Apart from the AFL, I have worked with many elite sportspeople and athletes over this time and continue to do so. I have worked in soccer, tennis and track and field recently and saw the different demands on hamstrings compared to the AFL. This year I also did some work in Volleyball and the equation changes again.

The best way to learn how to do something is hands on. I have done that. But I also have taken an evidence based approach to ths area.

The E Book will have a comprehensive theory section and then some practical programs that can be used for 2/3/4/5 and 6 week programs.

I am sure it will be useful and interesting.

October 4, 2007 Posted by | Rehabilitation, Uncategorized | Leave a comment

AFL. Grand finals, the draft, salary caps and fitness.



Lets do what Geelong did in 2007 to win the flag? Maybe an emphasis on sports specific drills and tackling and actually training hard in pre-season 06/07?

Lets do what WCE did? Run more maybe seemed the message?

Lets do what Sydney did? More recovery/injury management processes and rotations seemed to be it.

Lets do what Brisbane did? Weights and strength seemed to be the message

Lets do what Essendon did? More sprints/buy spikes

After 2000 sprints coaches got gigs in clubs given John Quinns background in Athletics. They looked fast. After Brisbane weights coaches got more work. And so on.

What everyone forgets is that with the DRAFT/Salary Cup most will get a chance. Of course you have to seize the moment. But to say that Brisbane did more weights etc is crazy and quite the opposite WCE did run/run/run…..What is the key is to get a group coming through that is talented and develop them and hang on. Get the place chockfull of resources with massage and medical and fitness and welfare to assist the players. Geelong won VFL GF 2002/NAB Finals 2004/Prelim 2004/One point 2005/On the way in 06 then after RD 3 haywire. Now they have realized potential. Were the Kangaroos on the money this year but that 1% of less resource bit them on the bum? Who knows?

Geelong are well resourced due to their financial recovery and also had players with 5 finals / 2 NAB finals etc etc and an average of 6 years of development. Average age of 25.7 and 100 plus games and most in the 22 to 28…That seems the basic need. And they must have demonstrated they can play in the past.

In a free trade system they just buy teams and staff. So teams like AC Milan and Manchester United and Celtic for example stay on top. There are few cycles. Just get the best of everything.

So it seems that the draft and salary cap will give most clubs a chance at least at glory. At present it seems that the main secret to success is to get good young talent in place and then surround it with resource and keep the good oldies. Then hang on and get it right. The Crows seemed to miss an opportunity last year with unjuries at the end of the year.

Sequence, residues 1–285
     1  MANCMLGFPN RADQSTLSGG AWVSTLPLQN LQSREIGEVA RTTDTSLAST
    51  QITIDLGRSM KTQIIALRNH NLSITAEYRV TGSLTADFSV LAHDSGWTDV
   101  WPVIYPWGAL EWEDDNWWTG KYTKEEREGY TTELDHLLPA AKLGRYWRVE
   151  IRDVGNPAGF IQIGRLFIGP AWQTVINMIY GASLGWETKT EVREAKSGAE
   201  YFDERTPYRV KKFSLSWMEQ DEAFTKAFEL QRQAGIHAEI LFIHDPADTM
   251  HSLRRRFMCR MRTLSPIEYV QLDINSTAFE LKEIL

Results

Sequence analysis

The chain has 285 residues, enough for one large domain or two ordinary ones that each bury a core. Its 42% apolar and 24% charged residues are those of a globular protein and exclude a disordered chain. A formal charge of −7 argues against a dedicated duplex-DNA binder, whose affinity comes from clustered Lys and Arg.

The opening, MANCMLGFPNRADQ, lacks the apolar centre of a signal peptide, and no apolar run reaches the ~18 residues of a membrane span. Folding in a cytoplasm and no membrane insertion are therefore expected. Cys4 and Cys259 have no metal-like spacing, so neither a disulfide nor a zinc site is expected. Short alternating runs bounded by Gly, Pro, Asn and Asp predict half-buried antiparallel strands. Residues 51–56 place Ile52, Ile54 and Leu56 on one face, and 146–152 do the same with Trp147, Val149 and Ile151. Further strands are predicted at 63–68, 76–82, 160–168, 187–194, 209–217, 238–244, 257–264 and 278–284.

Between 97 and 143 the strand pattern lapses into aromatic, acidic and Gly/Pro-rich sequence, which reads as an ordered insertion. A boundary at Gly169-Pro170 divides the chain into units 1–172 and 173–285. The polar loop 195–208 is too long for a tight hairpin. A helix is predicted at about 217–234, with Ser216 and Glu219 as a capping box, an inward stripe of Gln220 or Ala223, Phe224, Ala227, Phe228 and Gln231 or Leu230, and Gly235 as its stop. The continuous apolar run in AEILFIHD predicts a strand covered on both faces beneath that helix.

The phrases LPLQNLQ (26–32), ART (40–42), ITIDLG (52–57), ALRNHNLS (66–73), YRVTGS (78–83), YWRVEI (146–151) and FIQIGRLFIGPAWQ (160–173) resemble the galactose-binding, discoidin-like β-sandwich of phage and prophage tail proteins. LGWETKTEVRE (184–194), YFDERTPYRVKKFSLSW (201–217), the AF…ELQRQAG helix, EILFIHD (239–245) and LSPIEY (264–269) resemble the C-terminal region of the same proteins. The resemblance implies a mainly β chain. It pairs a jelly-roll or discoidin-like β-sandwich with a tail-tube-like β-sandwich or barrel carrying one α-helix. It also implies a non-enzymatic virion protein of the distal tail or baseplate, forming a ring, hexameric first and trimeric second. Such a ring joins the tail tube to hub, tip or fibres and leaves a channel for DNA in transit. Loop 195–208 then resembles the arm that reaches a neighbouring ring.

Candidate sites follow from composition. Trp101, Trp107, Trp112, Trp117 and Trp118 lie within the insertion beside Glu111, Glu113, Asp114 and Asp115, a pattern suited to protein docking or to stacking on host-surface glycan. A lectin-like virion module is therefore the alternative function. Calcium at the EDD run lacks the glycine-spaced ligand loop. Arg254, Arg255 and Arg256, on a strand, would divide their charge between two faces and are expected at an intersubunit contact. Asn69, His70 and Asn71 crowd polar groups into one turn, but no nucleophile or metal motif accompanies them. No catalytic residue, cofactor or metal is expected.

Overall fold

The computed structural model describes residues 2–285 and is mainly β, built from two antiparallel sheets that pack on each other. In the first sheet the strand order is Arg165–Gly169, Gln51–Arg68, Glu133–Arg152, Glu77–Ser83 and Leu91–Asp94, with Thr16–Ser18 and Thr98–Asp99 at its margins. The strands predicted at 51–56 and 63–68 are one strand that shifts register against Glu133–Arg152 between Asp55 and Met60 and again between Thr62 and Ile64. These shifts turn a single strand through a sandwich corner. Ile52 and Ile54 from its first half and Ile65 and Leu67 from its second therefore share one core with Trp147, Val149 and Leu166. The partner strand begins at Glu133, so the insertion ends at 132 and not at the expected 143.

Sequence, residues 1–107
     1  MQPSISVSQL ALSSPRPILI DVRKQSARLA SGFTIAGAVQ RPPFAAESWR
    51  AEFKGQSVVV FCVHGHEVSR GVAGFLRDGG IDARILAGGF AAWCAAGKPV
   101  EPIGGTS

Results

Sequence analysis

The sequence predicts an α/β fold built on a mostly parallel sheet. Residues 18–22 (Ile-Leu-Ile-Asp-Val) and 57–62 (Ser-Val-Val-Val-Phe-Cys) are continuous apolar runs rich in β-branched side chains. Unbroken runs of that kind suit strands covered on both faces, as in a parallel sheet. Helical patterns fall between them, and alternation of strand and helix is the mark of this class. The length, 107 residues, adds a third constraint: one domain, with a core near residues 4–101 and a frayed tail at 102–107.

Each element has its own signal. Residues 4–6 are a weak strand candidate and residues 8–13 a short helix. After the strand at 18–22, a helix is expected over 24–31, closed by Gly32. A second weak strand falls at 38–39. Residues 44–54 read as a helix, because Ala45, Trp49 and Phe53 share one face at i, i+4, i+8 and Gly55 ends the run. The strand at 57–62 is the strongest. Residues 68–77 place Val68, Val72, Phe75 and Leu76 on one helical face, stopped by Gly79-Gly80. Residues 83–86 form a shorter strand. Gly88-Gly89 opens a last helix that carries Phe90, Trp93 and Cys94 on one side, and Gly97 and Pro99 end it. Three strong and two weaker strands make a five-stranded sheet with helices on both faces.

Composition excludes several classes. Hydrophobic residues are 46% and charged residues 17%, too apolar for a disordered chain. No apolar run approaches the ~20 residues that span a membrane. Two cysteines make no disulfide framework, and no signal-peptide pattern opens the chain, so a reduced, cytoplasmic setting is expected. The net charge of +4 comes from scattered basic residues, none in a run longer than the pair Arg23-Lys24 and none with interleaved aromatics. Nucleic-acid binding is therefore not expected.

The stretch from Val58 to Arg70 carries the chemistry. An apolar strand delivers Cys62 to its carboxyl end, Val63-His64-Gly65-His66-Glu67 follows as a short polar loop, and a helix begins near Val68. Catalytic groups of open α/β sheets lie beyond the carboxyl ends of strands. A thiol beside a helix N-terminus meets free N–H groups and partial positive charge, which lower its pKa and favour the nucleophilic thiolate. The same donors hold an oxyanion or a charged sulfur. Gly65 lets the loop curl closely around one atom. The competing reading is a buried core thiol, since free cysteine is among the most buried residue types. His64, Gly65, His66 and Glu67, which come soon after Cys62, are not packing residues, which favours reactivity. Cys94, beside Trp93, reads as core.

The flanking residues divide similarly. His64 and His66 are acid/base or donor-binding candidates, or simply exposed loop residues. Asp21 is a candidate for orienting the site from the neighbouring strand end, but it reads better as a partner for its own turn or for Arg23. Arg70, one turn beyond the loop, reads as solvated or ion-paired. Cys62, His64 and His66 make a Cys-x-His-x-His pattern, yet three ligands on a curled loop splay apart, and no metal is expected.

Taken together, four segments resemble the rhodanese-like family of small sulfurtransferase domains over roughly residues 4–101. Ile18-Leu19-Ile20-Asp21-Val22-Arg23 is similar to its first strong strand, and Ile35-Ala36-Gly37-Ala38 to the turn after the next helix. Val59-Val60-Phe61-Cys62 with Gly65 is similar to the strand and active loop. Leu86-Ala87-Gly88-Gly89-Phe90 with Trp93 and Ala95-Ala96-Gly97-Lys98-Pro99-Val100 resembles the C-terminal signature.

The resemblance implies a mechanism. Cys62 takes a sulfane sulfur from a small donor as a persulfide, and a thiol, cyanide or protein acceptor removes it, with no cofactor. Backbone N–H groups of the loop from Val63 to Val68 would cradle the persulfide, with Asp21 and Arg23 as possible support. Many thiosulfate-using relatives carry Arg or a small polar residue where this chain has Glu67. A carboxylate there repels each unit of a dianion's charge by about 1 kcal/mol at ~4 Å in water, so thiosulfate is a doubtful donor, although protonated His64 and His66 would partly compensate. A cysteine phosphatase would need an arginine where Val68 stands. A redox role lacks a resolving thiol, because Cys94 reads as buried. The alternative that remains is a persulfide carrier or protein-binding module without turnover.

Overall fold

So the take home message is to not always copy the leader in training methods. Just follow best practice and develop a team and then hold on for dear life whilst they are in their prime. Following the leader may be the last thing a team should do one year. Copycats ( for want of a better word) fail in sport more often than not.

There are no secrets out there in elite sport. One does not need to look inside AFL to learn about training. In fact it is better not to usually.

Train hard and smart. Learn from history and use sports science and elite methods, but don’t just copy. Sometimes the team that came tenth or sixth might have trained better but were not ready.

Sincere congratulations to the players at Geelong.


October 4, 2007 Posted by | AFL | Leave a comment


The biggest mistake with hamstring running programs is to have more than a 10% increase in speed from running session to session. Whatever the method you use, it is critical that you progress evenly from session to session. The other biggest problem is that because often, at Day 10 for example, the leg feels ok, the athlete gambles. He or she runs at 80% instead of 70% to see how the leg feels and recurs. Thus you have set yourself back longer. So much is written about gym and rehab programs but little advice is provided about running programs. In fact this is the critical area. Thus in a “garden variety” 21 day hamstring rehab one would jog at day 5 to 6 then do that for a few days. Then the next sessions at day 8 or 9 might be strides at 50% speed and no faster.Then this is progressed evenly with 10% increases every second day. Given the short time frame, often it is difficult to go 100% at day 18 as a test, so the program has to be structured to allow the player or athlete to perform fresh and ready on day 21. Again running programs are the number one concern in a hamstring rehabilitation program, and you may use repeat 100m strides or flying 20m or flying 30m. It doesn’t matter. What matters is that you progress to a plan carefully and done gamble. Remember when you go to the casino you can win, but in the end the casino always wins.

October 2, 2007 Posted by | Rehabilitation | Leave a comment